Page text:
Did you know that there are cat fleas and dog fleas? Yup…two different species! But cats can get dog fleas, and dogs can get cat fleas, so the common names are not particularly helpful. Regardless of the type, fleas are wild animals that can cause a variety of problems for pets and their people.
Like butterflies and many other insects, fleas have four distinct life phases: egg, larva, pupa and adult. An adult flea feeds on the blood of cats and dogs (and many other mammals like rats, raccoons and opossums), and can double its weight when fully engorged. Females are nearly twice as fast at drinking blood than males, and they use that nutrition to mate and lay eggs. Depending on environmental conditions, the eggs turn into pupae in as little as a day. These larvae crawl on the host animal, drinking blood and eating the undigested blood of adult fleas…their poop. In as few as five days, those larvae create a protective cocoon and metamorphosize into an adult flea, and the cycle begins again.
The most noticeable reaction to fleas in your pets is scratching, and that scratching is also one way that diseases and infection can enter your pet. As your dog or cat scratches herself, the small scratches can become infected by the poop, more politely known as “flea dirt.” Skin ailments like dermatitis are the usual result, but some pets also get dermatitis as an allergic reaction to the flea bite itself. When animals groom themselves, they can ingest fleas, resulting in tapeworms. The most notorious flea-transmitted disease in humans is bubonic plague which killed nearly half the human population of Europe in the 14th century. Believe it or not, bubonic plague is still reported occasionally, especially in the southwestern US where fleas transmit the disease by biting infected rats. Other diseases like typhus and tungiasis are uncommon in South Florida but are still active in the Caribbean and other places.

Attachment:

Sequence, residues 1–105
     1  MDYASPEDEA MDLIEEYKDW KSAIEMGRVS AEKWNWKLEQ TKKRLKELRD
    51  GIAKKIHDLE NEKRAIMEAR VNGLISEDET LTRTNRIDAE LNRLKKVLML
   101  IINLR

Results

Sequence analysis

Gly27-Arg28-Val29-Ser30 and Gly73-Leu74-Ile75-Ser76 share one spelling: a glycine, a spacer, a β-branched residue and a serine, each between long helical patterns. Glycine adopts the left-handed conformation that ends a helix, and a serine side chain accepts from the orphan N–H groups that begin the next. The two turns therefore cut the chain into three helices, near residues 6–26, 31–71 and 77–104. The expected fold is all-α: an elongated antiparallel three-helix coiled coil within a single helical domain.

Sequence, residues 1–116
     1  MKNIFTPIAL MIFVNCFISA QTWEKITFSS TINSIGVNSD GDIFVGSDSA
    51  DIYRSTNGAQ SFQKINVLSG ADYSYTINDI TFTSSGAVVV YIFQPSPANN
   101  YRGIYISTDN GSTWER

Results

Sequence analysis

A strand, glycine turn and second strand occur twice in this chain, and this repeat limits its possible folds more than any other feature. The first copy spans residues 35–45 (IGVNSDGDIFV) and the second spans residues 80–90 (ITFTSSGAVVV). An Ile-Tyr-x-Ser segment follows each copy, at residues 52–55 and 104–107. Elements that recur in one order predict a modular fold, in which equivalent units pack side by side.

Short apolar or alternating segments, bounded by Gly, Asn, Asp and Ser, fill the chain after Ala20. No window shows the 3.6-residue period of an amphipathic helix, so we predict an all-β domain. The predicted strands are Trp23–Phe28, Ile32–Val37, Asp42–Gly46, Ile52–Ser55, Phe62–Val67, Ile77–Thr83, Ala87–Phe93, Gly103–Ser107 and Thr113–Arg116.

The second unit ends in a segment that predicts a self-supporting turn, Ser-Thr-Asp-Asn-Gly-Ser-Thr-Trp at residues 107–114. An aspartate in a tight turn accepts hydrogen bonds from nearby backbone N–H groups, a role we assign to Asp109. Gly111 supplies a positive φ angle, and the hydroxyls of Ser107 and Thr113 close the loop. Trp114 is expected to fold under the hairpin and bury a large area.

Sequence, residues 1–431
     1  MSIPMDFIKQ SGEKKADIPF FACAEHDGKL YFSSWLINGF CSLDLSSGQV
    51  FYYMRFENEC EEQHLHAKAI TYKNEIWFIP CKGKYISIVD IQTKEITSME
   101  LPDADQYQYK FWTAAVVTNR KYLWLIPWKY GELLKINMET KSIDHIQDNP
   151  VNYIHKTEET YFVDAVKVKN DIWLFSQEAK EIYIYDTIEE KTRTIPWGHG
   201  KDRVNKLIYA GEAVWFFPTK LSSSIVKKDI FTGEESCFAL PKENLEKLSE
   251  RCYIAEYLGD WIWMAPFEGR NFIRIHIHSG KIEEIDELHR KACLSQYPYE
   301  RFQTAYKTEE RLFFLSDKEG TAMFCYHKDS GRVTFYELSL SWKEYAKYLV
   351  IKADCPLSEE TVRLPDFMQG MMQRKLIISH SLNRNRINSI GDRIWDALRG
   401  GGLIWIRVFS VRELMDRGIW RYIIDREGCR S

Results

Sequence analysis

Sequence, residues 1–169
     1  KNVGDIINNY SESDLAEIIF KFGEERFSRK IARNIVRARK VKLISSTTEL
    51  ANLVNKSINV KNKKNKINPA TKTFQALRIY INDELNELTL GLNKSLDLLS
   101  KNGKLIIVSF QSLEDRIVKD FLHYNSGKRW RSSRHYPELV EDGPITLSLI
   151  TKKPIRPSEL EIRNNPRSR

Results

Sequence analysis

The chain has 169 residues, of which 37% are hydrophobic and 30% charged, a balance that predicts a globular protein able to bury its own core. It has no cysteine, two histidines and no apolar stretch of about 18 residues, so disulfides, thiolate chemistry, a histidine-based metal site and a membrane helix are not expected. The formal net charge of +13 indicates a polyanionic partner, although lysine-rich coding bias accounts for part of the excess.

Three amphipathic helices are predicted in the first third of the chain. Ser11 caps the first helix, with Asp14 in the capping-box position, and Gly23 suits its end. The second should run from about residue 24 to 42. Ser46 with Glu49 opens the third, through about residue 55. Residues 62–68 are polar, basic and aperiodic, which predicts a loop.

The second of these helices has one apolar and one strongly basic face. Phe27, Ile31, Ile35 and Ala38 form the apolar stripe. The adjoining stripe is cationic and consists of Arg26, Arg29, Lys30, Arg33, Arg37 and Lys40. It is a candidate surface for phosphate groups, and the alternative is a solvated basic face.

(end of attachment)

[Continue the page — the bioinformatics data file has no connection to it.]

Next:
Keeping your pets inside is the best way to protect them from fleas, but of course dogs go out into fenced yards or on a leash to do their business, and some cats just LOVE the challenge of getting past their dads at the front door (looking at YOU, Elliott Alexander Bremen!). Your veterinarian can suggest the best preventative for your most precious pals. If you do notice an increase in scratching, don’t ignore it. Your kids rely on you as a pet parent to keep them safe and happy.
Gary Bremen is a 35-year veteran of the National Park Service and volunteers at Abandoned Pet Rescue.